Without examining the facts fully and fairly, there is no way of knowing whether vox populi is really vox dei, or merely vox asinorum. — Cyrus H. Gordon.
I have heard the laments of traditionalists who deplore the fact that in tracking the source and transmission of certain persistent errors in Voynich studies, I didn’t stop before 2000, but am following them in writings produced more recently.
The persons expressing such sentiments appear to me to be making two assumptions: first that in the field of historical studies and art history no objective standards exist; and secondly that there is no meaningful difference between objecting to a theoretical narrative’s construction and methodology, and attacking a person.
The first assumption would be demonstrably wrong, and the second no more than evidence of that over-attachment to a Voynich theory which leads theorists to lose their capacity to distinguish between a theory and a personality.
On the other hand, if that second assumption is now widespread, it helps explain why a certain theory-clique has always defended their theory by attacking any dissenter ad.hominem rather than having a reasonable debate about facts and methods.
Once a person starts believing that to disagree with their theory is equivalent to a personal attack, it’s not long before they start supposing that the way to eradicate the reasons for dissent is to attack the dissenter without addressing the substance of dissenting position.
It might also shed light on the very peculiar phenomenon by which, if one theory-clique dominates a given Voynich arena and its leaders make plain in one way and another that certain dissenters’ names “shall not be spoken”, people submit to that silent rule. No, I’m not kidding, it happens. Try expressing real enthusiasm for any matter incompatible with the ‘all-European-central-European’ storyline at voynich.ninja these days and test that out for yourself.
I must say, though, that when a group’s divorce from the normal world of medieval studies becomes too pronounced, the results can be very funny.
Imagine – you’re an ordinary member of some ‘Voynich community’ in which you’re simultaneously forbidden from naming dissenters, and obliged to show loyalty by denigrating all dissenters ad.hominem. Reasoned debate about details, data and method is prohibited if it involves mention of sources or persons non-conforming whether impartial academic sources or Voynich writings. So then you have the problem of how to show the necessary loyalty while pretending not to have read any but theory-supporting matter, and while also being prohibited from naming the persons you are expected to denigrate.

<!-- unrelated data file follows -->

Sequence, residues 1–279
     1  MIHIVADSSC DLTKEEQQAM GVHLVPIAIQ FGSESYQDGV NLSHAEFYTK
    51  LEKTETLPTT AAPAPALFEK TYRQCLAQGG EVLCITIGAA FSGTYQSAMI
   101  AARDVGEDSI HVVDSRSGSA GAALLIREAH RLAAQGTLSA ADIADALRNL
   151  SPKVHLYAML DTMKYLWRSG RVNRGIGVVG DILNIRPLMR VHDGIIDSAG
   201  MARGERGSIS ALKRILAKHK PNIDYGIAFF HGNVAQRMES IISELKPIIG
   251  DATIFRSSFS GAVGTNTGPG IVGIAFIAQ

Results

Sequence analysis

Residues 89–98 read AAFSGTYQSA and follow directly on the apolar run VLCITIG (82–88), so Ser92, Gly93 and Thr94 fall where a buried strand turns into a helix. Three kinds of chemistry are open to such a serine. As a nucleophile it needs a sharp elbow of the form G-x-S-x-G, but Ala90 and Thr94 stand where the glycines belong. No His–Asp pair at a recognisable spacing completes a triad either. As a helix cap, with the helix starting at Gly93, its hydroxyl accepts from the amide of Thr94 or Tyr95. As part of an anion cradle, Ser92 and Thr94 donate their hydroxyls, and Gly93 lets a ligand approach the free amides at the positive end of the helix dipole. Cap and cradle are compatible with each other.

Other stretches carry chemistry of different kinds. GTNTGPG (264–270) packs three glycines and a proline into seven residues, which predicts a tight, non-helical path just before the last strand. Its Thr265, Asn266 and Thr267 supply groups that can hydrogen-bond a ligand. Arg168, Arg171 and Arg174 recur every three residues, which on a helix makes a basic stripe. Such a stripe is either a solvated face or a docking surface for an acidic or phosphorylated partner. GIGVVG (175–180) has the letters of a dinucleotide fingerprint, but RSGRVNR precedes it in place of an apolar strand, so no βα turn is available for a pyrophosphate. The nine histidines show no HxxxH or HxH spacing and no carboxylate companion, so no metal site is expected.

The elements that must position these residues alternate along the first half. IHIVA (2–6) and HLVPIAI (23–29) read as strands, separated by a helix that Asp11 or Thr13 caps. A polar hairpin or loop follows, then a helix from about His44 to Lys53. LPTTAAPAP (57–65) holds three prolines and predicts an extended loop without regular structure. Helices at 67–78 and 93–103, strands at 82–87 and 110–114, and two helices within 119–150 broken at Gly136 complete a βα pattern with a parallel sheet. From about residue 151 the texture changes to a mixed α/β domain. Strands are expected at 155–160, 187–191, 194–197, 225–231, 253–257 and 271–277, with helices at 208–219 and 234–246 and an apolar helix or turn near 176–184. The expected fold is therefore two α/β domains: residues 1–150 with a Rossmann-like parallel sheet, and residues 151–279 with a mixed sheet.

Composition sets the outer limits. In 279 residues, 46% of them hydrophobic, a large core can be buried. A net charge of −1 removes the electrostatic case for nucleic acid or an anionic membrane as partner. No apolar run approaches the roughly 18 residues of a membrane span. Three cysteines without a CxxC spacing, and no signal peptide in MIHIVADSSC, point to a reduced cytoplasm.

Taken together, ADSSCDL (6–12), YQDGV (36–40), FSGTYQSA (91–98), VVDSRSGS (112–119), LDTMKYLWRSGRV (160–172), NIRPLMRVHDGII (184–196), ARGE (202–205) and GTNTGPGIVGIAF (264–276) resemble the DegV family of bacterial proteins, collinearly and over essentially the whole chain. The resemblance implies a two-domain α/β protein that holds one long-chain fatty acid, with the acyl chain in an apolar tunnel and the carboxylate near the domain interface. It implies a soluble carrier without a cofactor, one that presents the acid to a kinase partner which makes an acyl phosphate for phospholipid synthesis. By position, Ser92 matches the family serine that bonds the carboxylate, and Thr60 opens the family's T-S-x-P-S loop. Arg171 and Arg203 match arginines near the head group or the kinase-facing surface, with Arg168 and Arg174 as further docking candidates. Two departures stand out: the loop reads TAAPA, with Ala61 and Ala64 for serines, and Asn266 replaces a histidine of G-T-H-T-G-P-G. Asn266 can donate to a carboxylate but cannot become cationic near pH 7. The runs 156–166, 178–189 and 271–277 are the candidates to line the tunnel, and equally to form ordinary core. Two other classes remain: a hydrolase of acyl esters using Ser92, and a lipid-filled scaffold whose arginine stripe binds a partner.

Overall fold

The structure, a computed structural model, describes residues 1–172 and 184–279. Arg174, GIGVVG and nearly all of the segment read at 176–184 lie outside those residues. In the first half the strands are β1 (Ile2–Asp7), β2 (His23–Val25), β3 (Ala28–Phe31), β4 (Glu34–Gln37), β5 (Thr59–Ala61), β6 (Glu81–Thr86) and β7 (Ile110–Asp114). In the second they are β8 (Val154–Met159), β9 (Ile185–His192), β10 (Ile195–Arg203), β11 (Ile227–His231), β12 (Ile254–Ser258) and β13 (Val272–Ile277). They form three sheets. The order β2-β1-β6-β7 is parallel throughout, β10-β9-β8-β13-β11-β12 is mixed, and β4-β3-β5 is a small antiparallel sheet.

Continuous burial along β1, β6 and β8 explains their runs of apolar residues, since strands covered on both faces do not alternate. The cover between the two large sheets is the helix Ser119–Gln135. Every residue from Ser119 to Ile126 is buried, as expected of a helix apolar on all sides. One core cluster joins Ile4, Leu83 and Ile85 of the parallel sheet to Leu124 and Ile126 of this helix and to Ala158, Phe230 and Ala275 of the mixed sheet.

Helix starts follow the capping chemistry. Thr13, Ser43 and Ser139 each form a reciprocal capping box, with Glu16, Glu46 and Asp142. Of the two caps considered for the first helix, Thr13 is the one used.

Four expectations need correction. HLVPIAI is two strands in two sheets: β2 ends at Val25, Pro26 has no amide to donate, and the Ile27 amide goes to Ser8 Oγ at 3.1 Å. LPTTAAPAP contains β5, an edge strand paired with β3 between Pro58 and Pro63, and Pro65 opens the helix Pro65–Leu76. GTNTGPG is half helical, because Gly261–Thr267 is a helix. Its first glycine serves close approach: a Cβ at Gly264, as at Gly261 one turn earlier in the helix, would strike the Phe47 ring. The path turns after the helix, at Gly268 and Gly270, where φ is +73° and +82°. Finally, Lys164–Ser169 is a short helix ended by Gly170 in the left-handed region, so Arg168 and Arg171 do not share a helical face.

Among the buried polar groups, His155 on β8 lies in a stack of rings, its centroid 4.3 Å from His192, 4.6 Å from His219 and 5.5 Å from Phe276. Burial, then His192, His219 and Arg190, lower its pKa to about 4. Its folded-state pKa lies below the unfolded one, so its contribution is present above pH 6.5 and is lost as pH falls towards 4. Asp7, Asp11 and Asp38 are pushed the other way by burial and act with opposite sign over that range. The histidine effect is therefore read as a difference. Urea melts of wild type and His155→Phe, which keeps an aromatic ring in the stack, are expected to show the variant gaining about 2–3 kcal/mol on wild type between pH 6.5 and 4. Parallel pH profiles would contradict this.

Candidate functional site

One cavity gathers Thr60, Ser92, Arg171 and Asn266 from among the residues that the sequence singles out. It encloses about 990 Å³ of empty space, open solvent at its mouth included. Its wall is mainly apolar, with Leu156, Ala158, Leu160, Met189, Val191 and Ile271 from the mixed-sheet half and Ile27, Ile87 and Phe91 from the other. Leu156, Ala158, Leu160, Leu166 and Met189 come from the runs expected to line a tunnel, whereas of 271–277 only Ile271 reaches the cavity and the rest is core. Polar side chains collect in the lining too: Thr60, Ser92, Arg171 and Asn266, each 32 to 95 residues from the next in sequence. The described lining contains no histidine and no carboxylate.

One way is to ‘minimise’. If the person contributed a solid, original and academic study which explains some matter in depth, but their conclusions show your theory is lightweight, you say they’ve “written a lot” but never, ever give details of the publication or admit it was an original contribution from original research. Assert airily that ‘it’s not new’ and dare the others to ask you to provide the details.
There are better ways to work around the ‘must attack/must not name’ dilemma within a Voynich community. For his fine facility in using this two-edged genre, let me introduce someone whose skill I admire: Karl Kluge.
On April 1st of this year, Karl posted what follows and when I say I admire his work, I really do.
His introduction combines an evocation of the first lines of Dante’s Inferno with a hint of the [John] Dee Voynich myth and from there moves onto work done by a few current researchers whom he ‘does-not-name’ in quite the approved manner.
I dreamt that I was looking at .. Dee’s scrying equipment .. I found myself standing in a mist-filled void .. and as I examined the page the snake in the root of the left plant turned to fix me with its steely gaze, speaking as follows:
“Though at first glance I seem mild snake,
T’would be a foolish error to make!
No garter snake, I! Don’t void your bladder —
I am, in fact, the loathsome Adder!
While I seem brown, I fade, alack!
So know, in truth, my hue is BLACK!
Heed me well, though ’tis hard to imagine it,
For I am the glorious serpent Plantagenet!
Think any member of that forum is going to refer openly to me, or to that ‘Cerastes’ post, or begin a stimulating discussion on the implications for this study of a cerastes’ depiction in the manuscript? IDTS
Fact is. there are Voynich theorists out there (not Karl) whose feelings are so exquisitely sensitive that if you critique anything they’ve ever said, they’ll smash your face. 😀
that’s ‘face’ in the metaphorical sense.
Seriously – what matters more to you? Beinecke MS 408 or getting warm fuzzies online?
Think it over.